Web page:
• Results - Ensure that the results of contract and performance testing are being stored in the environment.
    • Publish - Publishing of contract and performance testing results to the GitHub repository for each API.

Additional test suites, and integration testing will be developed, but basic contract and performance testing is mandatory for all Union Fashion APIs being deployed. Making sure each API lives up to its contract, meets the level of service needed, and does this across every geographic region that matters in an ongoing way, maintaining a consistent level of service across all APIs, no matter what teams are delivering them.

Mocking of Each API Being Deployed

There should be a mock server for each stage of API evolution, ensuring that there is a mock representation for use during testing, as well as safe and easy playing with by consumers as they are learning what an API does, without having to be exposed to live data—providing a virtualized instance of each API for quick access and use.

  • Deploy - Establish a mock representation of the current stage, providing a mocked server for this version.
  • Share - Share the URL of mock server with rest of team, making sure it is know that there is a separate mock.
  • Environment - Add the mock URL and keys to the environment, ensuring the mocked version can be accessed.

Mock APIs reduce the overhead on development, staging, and production environments, while helping alleviate anxiety with consumers when it comes to working with live data, or event development and staging data that might be needed for testing. Ensuring there is always a sandbox present for API consumers and making it easier for consumers to play around with each API.

Ensuring There Is Always Up to Date Documentation

There should always be up to date documentation published for each API, making sure the collection behind documentation has proper name, description, and examples of the value each API request delivers. With each stage of an APIs development, the following elements should be addressed as soon as any stage of an API is deployed.

  • Publish - Publish documentation for each service being developed, making sure the document is up to date.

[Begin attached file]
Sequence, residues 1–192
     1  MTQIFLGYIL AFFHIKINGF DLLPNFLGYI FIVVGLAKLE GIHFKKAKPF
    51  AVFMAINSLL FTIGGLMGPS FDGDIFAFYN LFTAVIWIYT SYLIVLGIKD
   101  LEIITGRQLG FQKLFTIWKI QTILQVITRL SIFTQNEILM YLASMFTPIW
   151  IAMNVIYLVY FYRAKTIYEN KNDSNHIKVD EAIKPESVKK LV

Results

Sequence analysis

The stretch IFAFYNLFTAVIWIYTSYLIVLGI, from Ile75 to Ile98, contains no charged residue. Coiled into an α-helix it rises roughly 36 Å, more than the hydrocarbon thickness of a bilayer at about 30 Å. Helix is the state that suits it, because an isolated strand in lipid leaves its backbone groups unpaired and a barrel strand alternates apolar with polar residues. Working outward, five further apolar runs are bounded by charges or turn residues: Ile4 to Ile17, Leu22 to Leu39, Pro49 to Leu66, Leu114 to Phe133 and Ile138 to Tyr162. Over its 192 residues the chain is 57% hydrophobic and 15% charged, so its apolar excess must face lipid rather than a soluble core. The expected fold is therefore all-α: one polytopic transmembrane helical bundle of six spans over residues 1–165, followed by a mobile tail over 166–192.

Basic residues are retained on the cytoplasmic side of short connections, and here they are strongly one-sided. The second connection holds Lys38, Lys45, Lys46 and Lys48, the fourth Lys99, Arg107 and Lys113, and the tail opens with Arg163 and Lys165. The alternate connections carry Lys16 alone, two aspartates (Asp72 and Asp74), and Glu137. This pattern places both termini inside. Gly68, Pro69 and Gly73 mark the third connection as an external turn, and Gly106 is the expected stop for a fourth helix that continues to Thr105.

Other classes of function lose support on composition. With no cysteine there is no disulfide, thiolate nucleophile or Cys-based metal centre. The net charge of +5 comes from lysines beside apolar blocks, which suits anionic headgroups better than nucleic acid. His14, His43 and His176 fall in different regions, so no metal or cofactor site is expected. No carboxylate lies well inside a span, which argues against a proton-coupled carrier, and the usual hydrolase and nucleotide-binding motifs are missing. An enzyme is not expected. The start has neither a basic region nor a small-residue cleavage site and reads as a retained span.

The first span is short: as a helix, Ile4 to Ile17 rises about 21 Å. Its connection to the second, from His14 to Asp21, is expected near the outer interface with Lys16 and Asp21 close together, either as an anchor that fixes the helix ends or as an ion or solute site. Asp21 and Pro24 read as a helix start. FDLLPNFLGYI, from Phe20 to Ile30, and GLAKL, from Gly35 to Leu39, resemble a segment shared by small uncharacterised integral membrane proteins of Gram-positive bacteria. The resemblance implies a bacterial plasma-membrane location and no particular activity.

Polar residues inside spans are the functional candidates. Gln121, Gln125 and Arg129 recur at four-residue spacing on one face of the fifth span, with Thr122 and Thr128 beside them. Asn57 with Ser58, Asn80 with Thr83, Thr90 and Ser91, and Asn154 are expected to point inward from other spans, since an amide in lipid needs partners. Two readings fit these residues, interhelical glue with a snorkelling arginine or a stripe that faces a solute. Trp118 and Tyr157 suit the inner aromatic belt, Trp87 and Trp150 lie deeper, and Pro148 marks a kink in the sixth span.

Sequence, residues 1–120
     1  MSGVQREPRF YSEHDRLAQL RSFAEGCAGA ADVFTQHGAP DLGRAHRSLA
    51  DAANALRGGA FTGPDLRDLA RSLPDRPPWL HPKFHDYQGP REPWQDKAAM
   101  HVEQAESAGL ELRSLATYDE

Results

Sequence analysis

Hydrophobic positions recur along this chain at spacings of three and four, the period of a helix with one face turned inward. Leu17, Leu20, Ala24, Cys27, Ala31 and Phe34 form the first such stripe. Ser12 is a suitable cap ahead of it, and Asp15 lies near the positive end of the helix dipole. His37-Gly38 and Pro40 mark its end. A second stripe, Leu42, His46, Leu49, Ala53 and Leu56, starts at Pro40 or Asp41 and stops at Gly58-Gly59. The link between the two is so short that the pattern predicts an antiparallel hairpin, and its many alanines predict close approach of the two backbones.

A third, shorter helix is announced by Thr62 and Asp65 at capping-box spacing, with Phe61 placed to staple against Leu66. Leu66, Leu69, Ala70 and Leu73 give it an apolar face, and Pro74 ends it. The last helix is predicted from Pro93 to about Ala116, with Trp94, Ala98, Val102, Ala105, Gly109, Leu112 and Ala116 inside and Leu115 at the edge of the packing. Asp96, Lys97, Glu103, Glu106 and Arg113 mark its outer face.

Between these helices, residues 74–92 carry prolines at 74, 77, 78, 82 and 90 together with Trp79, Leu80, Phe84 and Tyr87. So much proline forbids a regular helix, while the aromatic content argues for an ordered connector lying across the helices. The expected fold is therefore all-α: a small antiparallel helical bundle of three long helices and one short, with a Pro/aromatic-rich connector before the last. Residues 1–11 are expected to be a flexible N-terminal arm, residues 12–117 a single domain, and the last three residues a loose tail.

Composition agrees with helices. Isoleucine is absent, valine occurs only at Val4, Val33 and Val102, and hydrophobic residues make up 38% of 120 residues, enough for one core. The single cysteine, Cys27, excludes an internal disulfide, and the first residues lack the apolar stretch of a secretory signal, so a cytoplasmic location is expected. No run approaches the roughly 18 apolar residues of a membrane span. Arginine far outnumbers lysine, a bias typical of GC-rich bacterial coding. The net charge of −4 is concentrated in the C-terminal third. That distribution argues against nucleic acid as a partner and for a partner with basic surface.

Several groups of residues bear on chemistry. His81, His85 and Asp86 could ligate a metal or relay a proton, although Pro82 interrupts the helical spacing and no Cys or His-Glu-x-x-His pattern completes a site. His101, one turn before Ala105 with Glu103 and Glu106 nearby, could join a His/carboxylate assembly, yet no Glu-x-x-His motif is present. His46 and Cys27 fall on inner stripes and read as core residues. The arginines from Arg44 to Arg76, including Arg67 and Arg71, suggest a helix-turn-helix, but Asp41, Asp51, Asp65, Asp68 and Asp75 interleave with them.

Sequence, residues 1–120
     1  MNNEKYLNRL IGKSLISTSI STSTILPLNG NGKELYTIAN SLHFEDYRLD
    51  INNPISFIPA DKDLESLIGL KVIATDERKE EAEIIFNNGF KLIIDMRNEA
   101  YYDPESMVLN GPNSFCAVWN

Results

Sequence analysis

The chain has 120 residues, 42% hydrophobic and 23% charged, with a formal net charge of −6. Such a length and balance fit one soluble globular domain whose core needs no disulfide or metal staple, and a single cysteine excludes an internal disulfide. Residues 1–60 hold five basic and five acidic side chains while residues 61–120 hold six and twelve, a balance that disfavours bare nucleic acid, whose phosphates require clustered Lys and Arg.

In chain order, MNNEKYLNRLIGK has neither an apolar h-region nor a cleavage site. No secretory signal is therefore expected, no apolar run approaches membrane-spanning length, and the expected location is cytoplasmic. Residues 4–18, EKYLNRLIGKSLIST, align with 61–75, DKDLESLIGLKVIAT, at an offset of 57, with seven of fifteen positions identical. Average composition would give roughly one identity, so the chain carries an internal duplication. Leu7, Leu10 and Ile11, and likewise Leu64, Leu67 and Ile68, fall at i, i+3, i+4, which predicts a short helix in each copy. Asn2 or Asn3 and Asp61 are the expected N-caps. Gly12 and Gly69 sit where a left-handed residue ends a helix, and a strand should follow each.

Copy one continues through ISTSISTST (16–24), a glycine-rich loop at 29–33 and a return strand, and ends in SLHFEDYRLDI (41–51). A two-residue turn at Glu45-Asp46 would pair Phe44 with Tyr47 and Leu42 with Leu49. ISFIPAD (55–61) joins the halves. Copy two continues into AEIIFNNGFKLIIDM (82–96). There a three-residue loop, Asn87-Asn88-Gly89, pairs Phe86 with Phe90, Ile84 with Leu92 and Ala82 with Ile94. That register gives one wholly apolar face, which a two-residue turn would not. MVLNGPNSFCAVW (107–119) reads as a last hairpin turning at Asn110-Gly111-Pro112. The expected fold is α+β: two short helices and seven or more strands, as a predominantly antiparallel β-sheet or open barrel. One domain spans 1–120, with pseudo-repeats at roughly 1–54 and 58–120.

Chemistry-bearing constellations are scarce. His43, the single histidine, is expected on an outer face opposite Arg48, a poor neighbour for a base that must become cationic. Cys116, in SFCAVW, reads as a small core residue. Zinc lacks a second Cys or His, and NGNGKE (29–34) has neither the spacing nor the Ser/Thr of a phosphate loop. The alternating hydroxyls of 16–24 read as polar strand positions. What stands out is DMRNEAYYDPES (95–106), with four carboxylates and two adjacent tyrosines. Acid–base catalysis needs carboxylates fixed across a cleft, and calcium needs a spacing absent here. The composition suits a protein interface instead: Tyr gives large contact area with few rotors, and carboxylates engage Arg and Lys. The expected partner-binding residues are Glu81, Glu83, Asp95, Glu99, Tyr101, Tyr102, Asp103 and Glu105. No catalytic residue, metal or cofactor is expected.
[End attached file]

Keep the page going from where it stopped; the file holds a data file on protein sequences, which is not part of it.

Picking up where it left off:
• Environment - Make sure there is an environment available for each stage of an APIs development.
  • Share - Share the URL of documentation with team members, making sure everyone has the link they need.

The publishing of API documentation for each stage of an APIs development should be a deliberate step at the end of the deployment cycle. Making sure that documentation represents the current state of any fully deployed and monitored API, keeping the visual representation for each API is always up to date and providing the most value possible.

Establish Feedback Loops for Each API

There should be an independent feedback loop in place for each API being deployed, allowing for stakeholders in the deliver of each API can comment on the API contract, as well as the derivative collections used behind documentation, mock servers, and tests. Ensuring API consumers have a channel to provide feedback, that can be considered as part of the evolution of each API.

  • API Comments - Tune into comments available for each API, helping keep discussions self-contained for each API being developed.
  • Collection Comments - Tune into comments available for each collection, helping keep discussions self-contained for each API derivative.
  • Issues - Tune into GitHub issues for each service, leveraging the repository issues as public and private communication cycles.

The feedback loop for each API should be used to stay in tune with what is happening as each API is being deployed, ensuring that all the concerns and feedback of stakeholders have been considered before an API is deployed. It should also be regularly visited upon a well established schedule, making sure all feedback has been considered, and if possible, the comments and issues should be automatically tracked for evaluation of feedback lop activity and engagement across teams.

A Standardized and Repeatable Way to Deliver API Infrastructure

We now have a standardized way of deploying APIs at Union Fashion. This process will evolve with each API that is delivered using the process, but it also provides us with a base approach for delivering the infrastructure we need to operate online as a business. Combined with our API-First approach to building and testing APIs, our approach to deploying and monitoring APIs will make sure the API contracts defined are delivered as intended using common cloud infrastructure. Helping stabilize the infrastructure Union Fashion uses behind its web and mobile applications, and system integrations.

This concludes the deploy and monitor portion of our API develop life cycles. This process will help us move APIs from idea to production more efficiently, and will set that stage for us to bring our API to market, no matter whether they are strictly for internal use, access by trusted partners, or for the general public. This process is meant to show what is possible when it comes to quantifying how we deploy and monitor our API infrastructure, but can and should be evolved to consider the needs of future APIs that will be delivered. Continuing to push how we move APIs forward by making sure each individual step of the process is as well through out and planned as we possibly can. Allowing us to be more flexible, efficient, and scalable in how we deliver our API-driven application infrastructure.